Because the series lost a little "something" in the second season, almost as if it's trying to hard to win network approval at the expense of what made the first season so unique. So when it was cancelled, I was sad but not surprised – but I was pleasantly surprised when Hulu picked it up for a third season.
I wasn't surprised that it was picked up by a streaming service, because its delayed viewing numbers were always strong. I was surprised (and impressed) that A.P. Bio was the first comedy series that Hulu would attach its name to in a post-Disney deal world. So for Hulu, there's pressure for the show to succeed if for no other reason than to show that quality in programming will be maintained in a "Disney family" world – and it keeps them in the Howerton/Always Sunny business. For A.P. Bio – aside from keeping people employed – it's a chance to get back to first-season storytelling and to stretch those creative muscles in a more welcoming "sandbox".
#23 – "High Fidelity" (Hulu)
Speaking of Hulu and a "post-Disney deal world"… Zoë Kravitz's modern take on Nick Hornby's 1995 novel is giving us all the right feels for what we wanted and expected. Along those lines, as someone who worships the John Cusack 2000 film version? Kravitz doesn't owe that movie dick when it comes to how it approaches the novel. That said, I'm glad the series gives me the same vibe as the both the book and film – but with it's on swagger.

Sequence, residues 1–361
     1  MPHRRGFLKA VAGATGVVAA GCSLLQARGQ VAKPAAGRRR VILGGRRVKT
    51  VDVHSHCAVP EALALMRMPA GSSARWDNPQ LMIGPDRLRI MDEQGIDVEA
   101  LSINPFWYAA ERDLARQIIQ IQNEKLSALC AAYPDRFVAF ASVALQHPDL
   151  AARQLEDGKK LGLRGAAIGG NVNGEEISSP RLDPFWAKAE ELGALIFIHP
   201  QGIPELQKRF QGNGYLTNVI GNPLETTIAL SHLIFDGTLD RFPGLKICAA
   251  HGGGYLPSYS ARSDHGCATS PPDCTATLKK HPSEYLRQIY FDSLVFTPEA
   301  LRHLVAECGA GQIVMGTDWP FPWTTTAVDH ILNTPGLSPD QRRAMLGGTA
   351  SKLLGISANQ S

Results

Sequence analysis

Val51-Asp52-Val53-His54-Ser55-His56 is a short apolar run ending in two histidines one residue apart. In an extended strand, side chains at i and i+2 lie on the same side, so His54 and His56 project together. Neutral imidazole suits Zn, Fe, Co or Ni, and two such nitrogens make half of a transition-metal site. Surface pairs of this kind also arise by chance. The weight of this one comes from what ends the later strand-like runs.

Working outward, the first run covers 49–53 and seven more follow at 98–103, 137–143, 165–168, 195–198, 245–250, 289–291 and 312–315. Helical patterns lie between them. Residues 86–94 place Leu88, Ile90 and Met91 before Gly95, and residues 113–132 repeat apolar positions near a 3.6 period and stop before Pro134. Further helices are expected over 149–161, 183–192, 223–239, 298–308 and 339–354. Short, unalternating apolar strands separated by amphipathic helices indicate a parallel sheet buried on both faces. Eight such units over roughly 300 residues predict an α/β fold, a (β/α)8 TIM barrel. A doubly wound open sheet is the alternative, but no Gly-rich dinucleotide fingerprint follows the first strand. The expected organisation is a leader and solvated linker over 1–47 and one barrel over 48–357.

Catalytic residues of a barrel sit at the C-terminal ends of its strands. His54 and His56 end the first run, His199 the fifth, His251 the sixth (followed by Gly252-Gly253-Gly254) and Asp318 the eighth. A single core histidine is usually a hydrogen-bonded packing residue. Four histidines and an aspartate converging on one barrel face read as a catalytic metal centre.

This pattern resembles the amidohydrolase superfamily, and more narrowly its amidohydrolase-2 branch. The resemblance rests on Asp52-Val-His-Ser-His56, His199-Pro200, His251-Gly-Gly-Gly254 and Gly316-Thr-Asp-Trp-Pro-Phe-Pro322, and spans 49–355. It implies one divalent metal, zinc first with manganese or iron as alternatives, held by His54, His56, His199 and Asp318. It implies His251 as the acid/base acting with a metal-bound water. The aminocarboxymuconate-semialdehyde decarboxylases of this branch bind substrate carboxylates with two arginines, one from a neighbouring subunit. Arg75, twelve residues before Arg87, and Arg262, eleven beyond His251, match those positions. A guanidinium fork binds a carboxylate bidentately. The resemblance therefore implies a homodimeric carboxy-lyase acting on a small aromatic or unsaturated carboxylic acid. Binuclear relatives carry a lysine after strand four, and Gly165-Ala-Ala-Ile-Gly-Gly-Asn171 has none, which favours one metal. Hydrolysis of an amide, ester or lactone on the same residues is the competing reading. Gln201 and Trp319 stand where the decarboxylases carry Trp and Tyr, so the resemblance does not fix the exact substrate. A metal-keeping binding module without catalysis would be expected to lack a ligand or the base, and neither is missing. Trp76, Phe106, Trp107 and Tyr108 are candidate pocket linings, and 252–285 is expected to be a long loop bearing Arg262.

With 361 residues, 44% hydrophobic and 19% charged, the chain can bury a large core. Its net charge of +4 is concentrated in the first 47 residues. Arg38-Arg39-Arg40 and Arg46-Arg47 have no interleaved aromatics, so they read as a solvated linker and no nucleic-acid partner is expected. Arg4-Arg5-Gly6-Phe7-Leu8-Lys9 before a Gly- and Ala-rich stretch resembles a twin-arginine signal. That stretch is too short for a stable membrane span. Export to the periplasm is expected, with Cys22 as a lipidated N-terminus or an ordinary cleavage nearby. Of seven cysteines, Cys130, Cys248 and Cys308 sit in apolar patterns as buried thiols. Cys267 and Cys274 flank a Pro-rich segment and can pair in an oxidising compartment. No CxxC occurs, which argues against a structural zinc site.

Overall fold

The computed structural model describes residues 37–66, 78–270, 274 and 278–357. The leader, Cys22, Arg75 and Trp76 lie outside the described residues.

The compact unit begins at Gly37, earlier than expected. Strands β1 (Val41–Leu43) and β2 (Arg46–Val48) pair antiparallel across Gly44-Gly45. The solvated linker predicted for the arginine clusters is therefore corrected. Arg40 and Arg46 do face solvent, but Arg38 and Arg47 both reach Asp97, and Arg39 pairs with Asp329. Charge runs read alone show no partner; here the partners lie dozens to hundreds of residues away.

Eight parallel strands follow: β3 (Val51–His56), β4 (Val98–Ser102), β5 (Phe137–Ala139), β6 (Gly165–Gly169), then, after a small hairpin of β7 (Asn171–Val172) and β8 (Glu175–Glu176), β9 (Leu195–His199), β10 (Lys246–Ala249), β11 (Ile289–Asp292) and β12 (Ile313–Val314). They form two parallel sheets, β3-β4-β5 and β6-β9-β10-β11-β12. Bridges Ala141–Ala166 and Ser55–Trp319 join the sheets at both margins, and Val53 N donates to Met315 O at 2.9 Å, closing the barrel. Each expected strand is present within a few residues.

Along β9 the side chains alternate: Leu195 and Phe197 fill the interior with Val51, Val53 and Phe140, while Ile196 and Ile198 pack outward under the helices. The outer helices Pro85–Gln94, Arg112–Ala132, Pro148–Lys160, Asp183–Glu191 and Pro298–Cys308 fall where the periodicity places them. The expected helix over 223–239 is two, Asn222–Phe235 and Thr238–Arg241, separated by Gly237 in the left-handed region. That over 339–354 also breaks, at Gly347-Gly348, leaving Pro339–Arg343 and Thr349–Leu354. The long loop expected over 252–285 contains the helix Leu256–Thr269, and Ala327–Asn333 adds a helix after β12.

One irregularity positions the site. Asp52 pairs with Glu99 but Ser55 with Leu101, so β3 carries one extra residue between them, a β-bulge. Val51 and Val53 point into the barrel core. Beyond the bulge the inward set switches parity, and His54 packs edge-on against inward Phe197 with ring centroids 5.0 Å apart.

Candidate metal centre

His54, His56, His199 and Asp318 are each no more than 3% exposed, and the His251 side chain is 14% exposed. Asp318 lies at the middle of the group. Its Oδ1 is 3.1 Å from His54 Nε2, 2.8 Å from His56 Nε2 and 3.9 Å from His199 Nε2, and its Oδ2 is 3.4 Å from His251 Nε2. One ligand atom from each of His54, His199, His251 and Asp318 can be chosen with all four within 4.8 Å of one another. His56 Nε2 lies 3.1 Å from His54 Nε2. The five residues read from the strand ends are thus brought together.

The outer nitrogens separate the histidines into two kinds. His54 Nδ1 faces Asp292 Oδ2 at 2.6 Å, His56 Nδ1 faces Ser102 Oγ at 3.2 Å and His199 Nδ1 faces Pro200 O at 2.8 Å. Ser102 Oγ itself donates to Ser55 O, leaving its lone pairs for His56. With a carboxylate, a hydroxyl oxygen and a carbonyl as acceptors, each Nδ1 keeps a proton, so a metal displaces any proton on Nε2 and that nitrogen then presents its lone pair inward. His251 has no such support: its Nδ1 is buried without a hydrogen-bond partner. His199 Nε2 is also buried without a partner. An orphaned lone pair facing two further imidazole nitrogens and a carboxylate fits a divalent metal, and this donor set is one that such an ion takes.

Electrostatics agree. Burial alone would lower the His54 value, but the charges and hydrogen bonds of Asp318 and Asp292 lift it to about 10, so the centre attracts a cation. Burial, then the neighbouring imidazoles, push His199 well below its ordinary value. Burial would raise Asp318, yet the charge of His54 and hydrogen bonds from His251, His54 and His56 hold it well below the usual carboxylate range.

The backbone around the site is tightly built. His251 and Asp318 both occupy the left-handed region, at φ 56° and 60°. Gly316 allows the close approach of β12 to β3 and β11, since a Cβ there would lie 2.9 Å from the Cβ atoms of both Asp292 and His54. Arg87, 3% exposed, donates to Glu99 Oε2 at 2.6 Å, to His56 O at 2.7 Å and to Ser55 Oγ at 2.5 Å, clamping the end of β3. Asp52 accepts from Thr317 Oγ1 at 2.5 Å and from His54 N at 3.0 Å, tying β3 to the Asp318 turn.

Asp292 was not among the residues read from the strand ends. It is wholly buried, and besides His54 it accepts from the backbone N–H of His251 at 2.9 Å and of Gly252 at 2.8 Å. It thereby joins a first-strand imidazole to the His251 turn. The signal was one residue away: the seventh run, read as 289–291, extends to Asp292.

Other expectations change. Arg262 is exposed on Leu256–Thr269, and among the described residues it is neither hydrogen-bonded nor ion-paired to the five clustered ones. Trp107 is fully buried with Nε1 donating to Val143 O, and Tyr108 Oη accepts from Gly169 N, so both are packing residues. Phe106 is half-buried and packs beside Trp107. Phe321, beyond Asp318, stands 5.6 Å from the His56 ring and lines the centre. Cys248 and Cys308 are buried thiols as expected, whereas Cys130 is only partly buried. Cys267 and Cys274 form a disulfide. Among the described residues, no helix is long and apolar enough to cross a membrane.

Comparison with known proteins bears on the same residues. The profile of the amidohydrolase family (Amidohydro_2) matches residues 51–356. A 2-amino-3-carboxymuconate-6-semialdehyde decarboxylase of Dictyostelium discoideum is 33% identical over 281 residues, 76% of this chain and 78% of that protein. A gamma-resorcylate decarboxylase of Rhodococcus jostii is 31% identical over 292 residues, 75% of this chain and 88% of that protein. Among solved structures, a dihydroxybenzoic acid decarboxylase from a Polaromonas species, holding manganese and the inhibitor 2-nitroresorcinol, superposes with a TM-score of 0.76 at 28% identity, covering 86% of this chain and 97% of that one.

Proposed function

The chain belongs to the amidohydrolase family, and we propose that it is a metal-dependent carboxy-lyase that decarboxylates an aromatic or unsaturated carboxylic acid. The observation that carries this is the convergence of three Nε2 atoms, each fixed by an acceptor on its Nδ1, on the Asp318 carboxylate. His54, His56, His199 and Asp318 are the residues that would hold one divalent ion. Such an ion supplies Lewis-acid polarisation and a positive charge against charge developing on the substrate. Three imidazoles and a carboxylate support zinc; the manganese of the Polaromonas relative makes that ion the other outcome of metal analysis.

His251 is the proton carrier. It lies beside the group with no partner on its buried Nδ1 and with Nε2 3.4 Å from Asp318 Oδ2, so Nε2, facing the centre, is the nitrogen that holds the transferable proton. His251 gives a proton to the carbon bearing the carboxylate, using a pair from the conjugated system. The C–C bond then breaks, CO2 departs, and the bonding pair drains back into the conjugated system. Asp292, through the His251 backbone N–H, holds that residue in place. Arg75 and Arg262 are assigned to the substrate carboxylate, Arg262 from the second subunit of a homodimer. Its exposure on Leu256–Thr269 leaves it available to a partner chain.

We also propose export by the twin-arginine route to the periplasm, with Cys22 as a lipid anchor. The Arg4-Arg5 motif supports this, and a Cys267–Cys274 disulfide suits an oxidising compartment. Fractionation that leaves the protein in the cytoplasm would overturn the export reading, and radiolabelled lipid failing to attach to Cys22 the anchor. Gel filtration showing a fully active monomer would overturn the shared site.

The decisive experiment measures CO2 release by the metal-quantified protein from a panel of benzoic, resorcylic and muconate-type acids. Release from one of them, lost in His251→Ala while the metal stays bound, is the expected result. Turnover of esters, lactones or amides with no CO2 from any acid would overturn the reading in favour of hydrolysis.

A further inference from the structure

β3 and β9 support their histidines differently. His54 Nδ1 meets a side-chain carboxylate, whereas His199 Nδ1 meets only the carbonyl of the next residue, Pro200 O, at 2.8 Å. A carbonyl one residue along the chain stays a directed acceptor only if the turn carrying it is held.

But the reason why I have this on the list is what the series represents in the ever-changing world of streaming. High Fidelity was originally intended to be a Disney+ series… you know where I'm going with this, right? That means nothing "worse" than PG-13 for High Fidelity to weave its tale – and that's just not going to do.
But once Kravitz came on board and the series began taking shape, a truth became painfuly clear: no way that's making it onto Disney+. But instead of stepping in and trying to force changes, "The Mouse" decided to shift the series to Hulu – which will now clearly be the new home for Disney's bloodier, sexier side. At a time when companies still find new places on their feet to shoot themselves, this was a win-win move: maintain Disney+'s mission statement, start building up Hulu's rep, and maintain good creative relations with artists.
#22 – "Space Force" (Netflix)
Based on (jokes on us) Trump's now officially-authorized "Space Force" branch of the military, the Steve Carell-starring Netflix series should be a no-brainer when it comes to success. Space Force is workplace comedy done in the style of NBC's The Office… from a decent chunk of the creative minds behind NBC's The Office (like Greg Daniels)… starring the lead from NBC's The Office.